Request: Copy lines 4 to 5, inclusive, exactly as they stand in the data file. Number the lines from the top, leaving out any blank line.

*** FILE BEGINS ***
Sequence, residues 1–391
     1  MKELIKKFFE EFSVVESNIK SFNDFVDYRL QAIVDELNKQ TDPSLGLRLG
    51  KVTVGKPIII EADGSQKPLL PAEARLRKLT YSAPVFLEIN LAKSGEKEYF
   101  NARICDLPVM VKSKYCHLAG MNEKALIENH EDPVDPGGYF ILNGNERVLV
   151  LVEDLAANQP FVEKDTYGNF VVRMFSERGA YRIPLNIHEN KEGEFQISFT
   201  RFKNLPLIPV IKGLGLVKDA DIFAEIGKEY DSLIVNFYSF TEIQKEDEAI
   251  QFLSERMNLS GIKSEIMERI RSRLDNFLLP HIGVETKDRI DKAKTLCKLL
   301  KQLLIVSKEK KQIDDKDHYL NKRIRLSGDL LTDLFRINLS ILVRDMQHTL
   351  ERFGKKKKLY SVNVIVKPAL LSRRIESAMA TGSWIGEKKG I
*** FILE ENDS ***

   101  NARICDLPVM VKSKYCHLAG MNEKALIENH EDPVDPGGYF ILNGNERVLV
   151  LVEDLAANQP FVEKDTYGNF VVRMFSERGA YRIPLNIHEN KEGEFQISFT